Burger Queen (皇后漢堡) is a street stand operates by a local Nanjing couple. The stand opens from 15.00 until late evenings. Burger Queen is not your ordinary burger. First, they claim their burger is organic (who knows) and has a taste from the northeast. Second, instead of using bread as buns, they use eggs. Third, they use cumin and spicy powder when grilling, so it actually tastes like food from Xinjiang, which is the region that’s on the north-west border of China. It’s a bit greasy, but I’ve never had anything like it.
Prepare yourself for a long wait because the locals usually take 4+ burgers per order. I waited for at least an hour just for one burger. There were many other customers came by and asked her how long was the wait, and she shut them down by telling them “it’s gonna take an hour or two,” so how long you will wait for your food depends on her mood and whether she likes you. (Well, at least that was what she told me.)
In the video, she was telling the customer to “get out!” in a joking way. I think he comes to buy her burgers quite often. In fact, everyone seemed to frequent this food stall.
It’s totally worth the wait because honestly, I wouldn’t find other places that would give you the authentic local Nanjing experience like the Burger Queen.
Where? 28–29 Renshouli, Bai Xia Qu, Nanjing.（仁寿里26号一幢楼旁边）
Price? 8 RMB for one burger.
I don’t usually bring souvenirs home when I travel, but I made an exception for Jasmine Melody. Jasmine Melody makes delicious and beautiful pastry with jasmine flowers. My friend visited Nanjing just a few days before me, and she regretted not buying any. I don’t like desserts that are too sweet, and their sweetness is just right. You can even find an entire flower petal inside of the pastry.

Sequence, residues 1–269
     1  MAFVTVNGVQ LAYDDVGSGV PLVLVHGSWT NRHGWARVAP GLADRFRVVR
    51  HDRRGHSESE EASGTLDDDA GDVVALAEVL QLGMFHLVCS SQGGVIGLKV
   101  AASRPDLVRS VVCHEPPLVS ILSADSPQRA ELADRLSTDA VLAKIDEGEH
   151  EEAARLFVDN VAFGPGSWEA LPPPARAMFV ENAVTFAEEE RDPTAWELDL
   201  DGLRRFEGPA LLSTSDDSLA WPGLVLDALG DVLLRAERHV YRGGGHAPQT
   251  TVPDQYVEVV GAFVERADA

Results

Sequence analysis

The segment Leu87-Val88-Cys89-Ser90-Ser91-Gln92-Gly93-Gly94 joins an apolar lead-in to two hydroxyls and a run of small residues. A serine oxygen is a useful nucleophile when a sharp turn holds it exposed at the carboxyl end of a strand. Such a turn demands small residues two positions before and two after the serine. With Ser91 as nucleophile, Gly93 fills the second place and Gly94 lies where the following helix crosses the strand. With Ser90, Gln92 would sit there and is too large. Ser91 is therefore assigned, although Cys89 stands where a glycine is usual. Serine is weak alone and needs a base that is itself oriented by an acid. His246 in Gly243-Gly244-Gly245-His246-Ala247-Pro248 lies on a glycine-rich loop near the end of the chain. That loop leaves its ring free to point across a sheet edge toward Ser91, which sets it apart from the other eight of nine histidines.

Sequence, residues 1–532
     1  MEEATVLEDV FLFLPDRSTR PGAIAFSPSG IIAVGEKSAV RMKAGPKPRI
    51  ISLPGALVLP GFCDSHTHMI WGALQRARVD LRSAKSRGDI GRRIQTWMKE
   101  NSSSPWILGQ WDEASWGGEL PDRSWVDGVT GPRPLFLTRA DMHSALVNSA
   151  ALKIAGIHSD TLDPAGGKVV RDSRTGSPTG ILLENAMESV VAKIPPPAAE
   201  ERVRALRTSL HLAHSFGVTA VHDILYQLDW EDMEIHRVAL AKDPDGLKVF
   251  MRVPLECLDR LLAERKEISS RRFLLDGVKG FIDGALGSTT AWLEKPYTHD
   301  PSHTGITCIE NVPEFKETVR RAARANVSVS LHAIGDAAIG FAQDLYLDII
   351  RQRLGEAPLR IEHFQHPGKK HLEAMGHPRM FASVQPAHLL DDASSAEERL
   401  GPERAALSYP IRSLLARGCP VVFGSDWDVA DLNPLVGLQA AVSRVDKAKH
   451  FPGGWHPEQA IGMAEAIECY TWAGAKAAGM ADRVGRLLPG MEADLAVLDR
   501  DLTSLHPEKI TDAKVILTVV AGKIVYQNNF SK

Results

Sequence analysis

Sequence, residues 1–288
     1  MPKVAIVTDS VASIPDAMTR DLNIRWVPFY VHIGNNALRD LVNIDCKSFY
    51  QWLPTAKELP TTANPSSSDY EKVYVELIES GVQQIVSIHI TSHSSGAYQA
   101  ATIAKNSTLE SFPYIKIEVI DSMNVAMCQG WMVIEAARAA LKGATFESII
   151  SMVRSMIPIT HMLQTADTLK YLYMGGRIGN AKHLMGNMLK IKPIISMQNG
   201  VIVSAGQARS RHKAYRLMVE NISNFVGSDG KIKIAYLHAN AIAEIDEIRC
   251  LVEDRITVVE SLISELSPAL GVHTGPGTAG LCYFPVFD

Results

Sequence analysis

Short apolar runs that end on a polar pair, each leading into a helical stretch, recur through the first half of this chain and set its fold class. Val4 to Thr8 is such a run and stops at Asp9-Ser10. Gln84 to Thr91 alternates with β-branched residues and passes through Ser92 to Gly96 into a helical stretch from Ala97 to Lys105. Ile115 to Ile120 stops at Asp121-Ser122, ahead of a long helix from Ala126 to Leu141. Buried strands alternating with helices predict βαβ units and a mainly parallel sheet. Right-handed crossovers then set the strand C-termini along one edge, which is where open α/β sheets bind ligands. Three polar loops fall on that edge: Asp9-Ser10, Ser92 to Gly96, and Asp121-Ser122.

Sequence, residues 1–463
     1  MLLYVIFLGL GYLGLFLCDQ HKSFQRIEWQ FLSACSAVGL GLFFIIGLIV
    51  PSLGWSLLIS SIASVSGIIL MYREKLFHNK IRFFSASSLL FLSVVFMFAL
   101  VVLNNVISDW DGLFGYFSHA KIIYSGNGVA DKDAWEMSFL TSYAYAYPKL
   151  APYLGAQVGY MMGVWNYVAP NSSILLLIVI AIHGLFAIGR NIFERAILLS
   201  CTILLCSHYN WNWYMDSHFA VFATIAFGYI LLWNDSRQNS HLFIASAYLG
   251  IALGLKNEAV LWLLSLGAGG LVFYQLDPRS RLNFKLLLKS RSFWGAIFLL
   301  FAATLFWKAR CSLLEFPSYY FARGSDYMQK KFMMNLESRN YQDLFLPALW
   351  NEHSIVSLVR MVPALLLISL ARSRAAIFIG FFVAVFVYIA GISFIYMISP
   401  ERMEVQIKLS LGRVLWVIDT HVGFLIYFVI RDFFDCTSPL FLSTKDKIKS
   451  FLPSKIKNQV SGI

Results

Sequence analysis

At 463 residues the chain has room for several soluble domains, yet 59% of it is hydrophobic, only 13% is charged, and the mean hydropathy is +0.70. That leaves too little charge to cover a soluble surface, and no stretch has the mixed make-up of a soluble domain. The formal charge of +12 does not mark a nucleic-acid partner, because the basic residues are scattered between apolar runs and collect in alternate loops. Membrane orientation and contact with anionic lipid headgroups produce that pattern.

The box is gorgeous, which makes Jasmine Melody the perfect gift for friends and family. And guess what? I just found out their master chef is Taiwanese. No wonder the pastry looks a lot like the type we make in Taiwan. Haha.
Where? 125 Gu Tong Xiang, Lao Mengdong, Qinhuai Qu, Nanjing（秦淮区老門東箍桶巷125号）
Clay Oven Rolls （酥燒餅）
You can find clay oven rolls almost anywhere in China. In fact, it’s what Chinese often eat for breakfast. Also, you can easily tell a good one from a bad one, and Xiao-Zheng’s crispy oven rolls were some of the best oven rolls I’ve ever had. First, it’s made on-site, and warm oven rolls are the best. It was also insanely cheap — 1~2RMB for one roll! Second, they got eight different stuffings, namely sweet olive, rose and red bean paste, pork, scallion, dry-picked mustard, radish, and sesame. I had dry-picked mustard and sesame, and the later one was my favourite.
Where? Fuzimiao Pingjiangfu Road, near Yaojia Alley (Metro line 3, Fuzimiao Station exit 2) 夫子廟平江府路姚家巷子口 (近地鐵3號線夫子廟站2号出口)
Baked Pear in a Clay Pot (紫砂烤梨)
A healthy and famous Chinese dessert, baked pear in a clay pot is originated from the Ming and Qing Dynasty. As the capital of Ming Dynasty, you surely need to try it when you come to Nanjing. The one I ordered was cooked with tangerine peels (陳皮) and Chinese hawthorn (山楂). Both ingredients are quite common to use in Chinese medicine, and it’s a great dessert to have if you find yourself under the weather, or simply want to warm yourself up on a cold evening.
Where? Fuzimiao, 68 Dashibei Street (夫子庙大石坝街68号)
And these are only a tip of the iceberg! Nanjing has so much to offer when it comes to food. Have you been to Nanjing and have you tried any of these?
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Originally published at Notes of Jo.